• The single largest percentage of people (23%) spend between $26-50 per month, while 12% spend less than this. The remaining 65% spend in excess of $50 buying goods online each month, with 30% spending more than $100.
  • Currently, Americans are shopping online with high regularity; 47% buy items online at least once a week. People aged 25-34 are the most frequent online shoppers (27% shop more than once a week).

2. What they shop for & how

  • There are some notable categories that Americans show a strong commitment to buying online; these are gifts (69%) and technology (59%).
  • On the other hand, there are things they clearly prefer to buy in-store, among these are groceries (77%), furniture & homewares (65%), beauty & grooming products (58%) and pet products (53%). 
  • Smartphone shopping, however, is massively popular; 66% of Americans say they most frequently use their mobile to research or make purchases online, rising to 79% in the 25-34 age range. Yet, older shoppers over-index for using desktop computers, laptops and tablets for visiting D2C sites.

3. What they value most

  • With less money to spend online caused by inflation, it figures that people will be looking for the best possible value. In fact, according to this survey, price trumps all other factors with American consumers admitting it is the most important factor in their purchasing decisions (with quality far behind in second place).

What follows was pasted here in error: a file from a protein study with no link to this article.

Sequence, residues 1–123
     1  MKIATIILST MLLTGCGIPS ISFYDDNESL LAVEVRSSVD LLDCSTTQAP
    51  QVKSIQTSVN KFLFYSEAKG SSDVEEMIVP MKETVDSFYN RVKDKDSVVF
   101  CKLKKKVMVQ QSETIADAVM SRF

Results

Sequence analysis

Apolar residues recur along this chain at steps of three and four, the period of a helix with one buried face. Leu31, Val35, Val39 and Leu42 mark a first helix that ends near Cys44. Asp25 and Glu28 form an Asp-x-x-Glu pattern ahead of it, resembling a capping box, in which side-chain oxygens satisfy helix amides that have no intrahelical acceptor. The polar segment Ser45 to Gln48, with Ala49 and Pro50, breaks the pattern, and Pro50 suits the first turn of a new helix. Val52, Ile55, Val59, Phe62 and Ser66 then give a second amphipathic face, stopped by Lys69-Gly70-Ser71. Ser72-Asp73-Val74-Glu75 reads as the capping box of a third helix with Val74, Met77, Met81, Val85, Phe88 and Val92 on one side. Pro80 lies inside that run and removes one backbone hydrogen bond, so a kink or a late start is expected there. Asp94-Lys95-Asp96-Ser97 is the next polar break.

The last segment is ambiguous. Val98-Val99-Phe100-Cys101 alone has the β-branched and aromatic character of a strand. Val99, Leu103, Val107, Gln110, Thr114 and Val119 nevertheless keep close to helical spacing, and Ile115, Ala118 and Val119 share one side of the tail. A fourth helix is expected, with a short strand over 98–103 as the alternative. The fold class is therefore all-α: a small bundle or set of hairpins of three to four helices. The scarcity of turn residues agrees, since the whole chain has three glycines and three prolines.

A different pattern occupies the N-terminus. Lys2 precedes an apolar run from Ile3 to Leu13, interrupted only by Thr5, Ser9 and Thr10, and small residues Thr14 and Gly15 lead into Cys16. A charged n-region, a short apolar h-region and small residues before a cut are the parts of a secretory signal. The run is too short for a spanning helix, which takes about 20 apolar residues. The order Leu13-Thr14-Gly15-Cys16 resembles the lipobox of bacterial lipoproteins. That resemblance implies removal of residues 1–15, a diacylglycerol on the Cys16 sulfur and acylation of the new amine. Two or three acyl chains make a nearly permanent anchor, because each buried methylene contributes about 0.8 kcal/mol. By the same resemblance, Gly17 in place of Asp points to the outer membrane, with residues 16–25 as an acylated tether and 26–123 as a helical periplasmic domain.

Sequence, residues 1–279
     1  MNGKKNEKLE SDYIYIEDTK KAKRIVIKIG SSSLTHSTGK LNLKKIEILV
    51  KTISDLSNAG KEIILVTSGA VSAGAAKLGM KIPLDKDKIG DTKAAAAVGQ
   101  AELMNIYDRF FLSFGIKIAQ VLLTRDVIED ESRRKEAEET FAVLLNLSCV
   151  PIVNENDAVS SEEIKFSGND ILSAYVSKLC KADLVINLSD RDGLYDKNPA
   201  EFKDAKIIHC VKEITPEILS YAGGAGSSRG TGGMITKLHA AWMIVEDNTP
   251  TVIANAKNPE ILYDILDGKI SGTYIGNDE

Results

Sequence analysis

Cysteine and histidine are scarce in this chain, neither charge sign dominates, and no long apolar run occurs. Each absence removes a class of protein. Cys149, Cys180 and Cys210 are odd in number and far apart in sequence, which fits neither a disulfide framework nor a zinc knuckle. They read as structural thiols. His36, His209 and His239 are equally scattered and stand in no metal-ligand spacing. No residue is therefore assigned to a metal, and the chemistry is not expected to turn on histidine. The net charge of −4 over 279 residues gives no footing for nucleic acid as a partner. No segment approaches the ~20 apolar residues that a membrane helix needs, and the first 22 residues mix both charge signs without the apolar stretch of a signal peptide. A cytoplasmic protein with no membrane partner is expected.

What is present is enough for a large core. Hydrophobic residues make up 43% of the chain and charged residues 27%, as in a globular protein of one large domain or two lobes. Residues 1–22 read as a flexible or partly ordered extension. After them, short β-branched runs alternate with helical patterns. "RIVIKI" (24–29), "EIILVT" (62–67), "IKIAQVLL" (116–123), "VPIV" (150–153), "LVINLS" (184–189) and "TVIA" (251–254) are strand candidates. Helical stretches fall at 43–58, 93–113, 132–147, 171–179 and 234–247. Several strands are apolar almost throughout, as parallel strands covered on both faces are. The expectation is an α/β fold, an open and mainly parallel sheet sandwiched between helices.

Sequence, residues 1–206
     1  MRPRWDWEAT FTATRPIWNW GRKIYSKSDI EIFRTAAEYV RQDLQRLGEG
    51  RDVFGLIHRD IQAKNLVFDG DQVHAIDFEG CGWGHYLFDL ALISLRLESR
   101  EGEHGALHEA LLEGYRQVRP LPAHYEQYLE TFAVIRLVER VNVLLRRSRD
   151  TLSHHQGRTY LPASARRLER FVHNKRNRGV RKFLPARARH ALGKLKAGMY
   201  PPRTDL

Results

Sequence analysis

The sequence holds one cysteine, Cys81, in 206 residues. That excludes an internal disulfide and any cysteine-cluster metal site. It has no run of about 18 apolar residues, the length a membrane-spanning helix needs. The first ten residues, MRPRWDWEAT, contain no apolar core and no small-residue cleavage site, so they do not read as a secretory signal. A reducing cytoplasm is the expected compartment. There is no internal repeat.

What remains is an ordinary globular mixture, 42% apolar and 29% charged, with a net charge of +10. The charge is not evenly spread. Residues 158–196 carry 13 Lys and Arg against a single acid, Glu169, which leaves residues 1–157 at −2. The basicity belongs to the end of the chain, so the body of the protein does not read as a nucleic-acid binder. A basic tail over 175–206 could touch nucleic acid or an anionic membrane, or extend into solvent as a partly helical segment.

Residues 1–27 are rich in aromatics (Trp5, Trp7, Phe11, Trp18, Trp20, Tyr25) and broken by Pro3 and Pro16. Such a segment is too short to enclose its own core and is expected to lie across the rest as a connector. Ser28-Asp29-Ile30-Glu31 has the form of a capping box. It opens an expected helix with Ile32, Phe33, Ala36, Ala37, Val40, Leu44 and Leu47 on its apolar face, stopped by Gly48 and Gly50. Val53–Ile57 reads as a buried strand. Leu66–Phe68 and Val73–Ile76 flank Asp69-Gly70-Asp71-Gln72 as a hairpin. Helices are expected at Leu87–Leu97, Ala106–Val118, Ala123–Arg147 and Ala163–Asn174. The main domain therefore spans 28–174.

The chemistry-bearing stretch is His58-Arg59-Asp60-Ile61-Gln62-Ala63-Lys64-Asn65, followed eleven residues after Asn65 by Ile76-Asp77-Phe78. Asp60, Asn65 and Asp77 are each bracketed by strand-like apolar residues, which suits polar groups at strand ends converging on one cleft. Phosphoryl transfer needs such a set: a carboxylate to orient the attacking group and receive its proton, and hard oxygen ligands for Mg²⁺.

D2C trends retailers need to know about

  • Nearly a third think D2C means cheaper products: What is encouraging for D2C brands from the data is the perception that they’re cheaper than their main street counterparts; 31% of people believe the prices are more competitive. Building on this perception offers a key way for online retailers to score an advantage as the cost of living crisis worsens. 
  • A segment of the public is prepared to wait for online deliveries: Delivery time was ranked as only the sixth-most important factor that drives Americans to make a D2C purchase. It seems that the pandemic and supply chain chaos has helped many consumers recognise the need for patience. In fact, 22% said they’d be happy with delivery in 6-8 days, while 9% are prepared to wait 9 days or more. However, brands should note that the majority (47%) of Americans expect to receive their package in 3-5 days.